Nebraska football practice, 8/14

Nebraska tight ends Jack Stoll (from left), Austin Allen and Kurt Rafdal line up for a drill during practice at Hawks Championship Center on Aug. 14.

Jack Stoll is the veteran in Sean Beckton’s room and is considered an entrenched starter.

Beckton didn’t say any differently on Wednesday — in fact, he said the junior from Colorado continues to set the standard in his room — but he also didn’t shy away from issuing Stoll a challenge in front of the others in Nebraska’s tight ends meeting room.

“I told Jack Stoll in front of all of them yesterday, I told him that Austin Allen and Kurt Rafdal have closed the gap on him,” Beckton said Wednesday. “There was a major gap between Jack and those two last year, and those guys have really closed the gap physically and also mentally in terms of understanding what we’re trying to accomplish on every single play.”

Allen (6-foot-8, 250 pounds) and Rafdal (6-7, 245) both provide huge targets for sophomore quarterback Adrian Martinez. At the outset of camp, Beckton wasn’t shy about saying that each had some physical shortcomings and they were pressed into duty despite not being fully ready.

The competition in the room has only increased further as redshirt freshman Katerian Legrone continues to progress, and freshman Chris Hickman makes physical gains after coming in underweight and also dealing with a shoulder injury. Then Rutgers transfer Travis Vokolek arrived this summer, though he must sit out the 2019 season.

Asked about any separation in the group behind Stoll, Beckton pointed first to Allen, the Aurora native.

“Austin probably right now, if we had to go play today, he’s probably the second guy right now, but Kurt Rafdal is right behind,” Beckton said.

Mazour making strides: Coaches naturally look to players they can trust, and Ryan Held obviously trusts Wyatt Mazour at a high level.

Held, the second-year Nebraska running backs coach, has a group that includes junior-college transfer Dedrick Mills, sophomore Maurice Washington, true freshmen Rahmir Johnson and Ronald Thompkins as well as redshirt freshman walk-on Brody Belt.

In addition, versatile true freshman Wan'Dale Robinson definitely will get snaps in the backfield, the coach said.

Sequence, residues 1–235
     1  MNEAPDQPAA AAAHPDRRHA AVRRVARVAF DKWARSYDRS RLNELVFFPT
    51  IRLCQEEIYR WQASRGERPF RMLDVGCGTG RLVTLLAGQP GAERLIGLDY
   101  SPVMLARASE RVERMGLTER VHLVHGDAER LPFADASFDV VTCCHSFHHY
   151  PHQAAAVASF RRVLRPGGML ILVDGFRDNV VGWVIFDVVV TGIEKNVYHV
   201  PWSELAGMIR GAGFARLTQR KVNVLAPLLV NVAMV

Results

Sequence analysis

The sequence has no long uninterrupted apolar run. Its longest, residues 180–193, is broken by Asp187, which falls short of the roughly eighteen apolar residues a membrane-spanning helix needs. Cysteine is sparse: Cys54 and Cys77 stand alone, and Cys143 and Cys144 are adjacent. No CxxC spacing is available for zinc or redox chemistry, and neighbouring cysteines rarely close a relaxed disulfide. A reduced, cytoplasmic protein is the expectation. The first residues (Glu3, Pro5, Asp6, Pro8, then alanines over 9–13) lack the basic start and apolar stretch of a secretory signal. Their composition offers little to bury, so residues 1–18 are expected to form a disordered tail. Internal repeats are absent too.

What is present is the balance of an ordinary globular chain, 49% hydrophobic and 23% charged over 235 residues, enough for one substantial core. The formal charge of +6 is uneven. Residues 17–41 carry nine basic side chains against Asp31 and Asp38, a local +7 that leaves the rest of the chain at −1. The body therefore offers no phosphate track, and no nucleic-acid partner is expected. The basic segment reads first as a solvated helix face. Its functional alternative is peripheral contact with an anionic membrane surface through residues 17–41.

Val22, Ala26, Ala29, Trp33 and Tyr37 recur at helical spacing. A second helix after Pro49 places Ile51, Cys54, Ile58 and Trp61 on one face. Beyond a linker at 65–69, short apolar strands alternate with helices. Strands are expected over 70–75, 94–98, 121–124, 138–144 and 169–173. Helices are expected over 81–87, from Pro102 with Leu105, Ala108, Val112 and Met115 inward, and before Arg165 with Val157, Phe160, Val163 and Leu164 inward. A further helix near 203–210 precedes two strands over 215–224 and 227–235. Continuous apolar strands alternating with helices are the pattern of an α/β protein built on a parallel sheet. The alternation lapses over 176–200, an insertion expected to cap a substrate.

Based on Held's comments Wednesday, Mazour also could have a sizable role in the rotation this season.

"He's got really good feet, can run and he knows (the offense), which gives you a chance because we can do a lot of stuff with guys who know what they're doing," Held said.

A 5-9, 200-pound senior walk-on from Albion, Mazour was slowed during spring practice by nagging injuries.

"But he's really -- knock on wood -- has had a really good fall camp in terms of being healthy and everything," Held said. "I'm really liking where he's at."

Mazour earned a scholarship before the start of the 2018 season and went on to play all 12 games as a reserve running back and on special teams. He carried 11 times for 76 yards and a touchdown and caught one pass for 21 yards. He also served on several special-teams units, including the kickoff return squad. He had three returns for 48 yards.

"He's steady Eddie," Held said. "You feel comfortable putting him in the game in any situation. The guys really like him. I'm glad he's on our team."

Transitioning to game prep: The end of fall camp is nigh, and the Nebraska football team will soon — as in the next day or two — begin turning its attention toward preparing for next Saturday's season opener against South Alabama.

That's both exciting and somewhat challenging. If fall camp marks the beginning of a new season, then game prep is a marker of the end of a long, long journey from the end of the previous season to the start of the next.

"We feel good about fall camp up to this point. We’re night and day from last year in terms of the scheme. So now whatever we throw at them, they can handle. So now we’ve kind of got to separate and get into some South Alabama, show them some clips so they can get familiar with what we’re going to see," Nebraska offensive coordinator Troy Walters said Wednesday. "But we don’t want to lose the edge of going against our defense because our defense is playing well and making us better. So we’ll combine the two and make sure we’re peaking come next Saturday."

Nebraska's coaching staff has been trying to simulate gameday atmosphere and situations in recent days in an effort to get the Huskers ready. But there are always the unknowns of how newcomers will react to the environment inside of Memorial Stadium. There are the unknowns, too, of what exactly NU will see when the Jaguars line up across the way.

"The competition against the defense has been awesome. Going against them every day has made us better, so we don’t want to lose that. We don’t lose the good on good, so we’ll go against our defense 1s vs. 1s, 2s vs. 2s," Walters said. "But now the focus shifts to getting a jump start on South Alabama and understanding their tendencies and what we’re going to see defensively."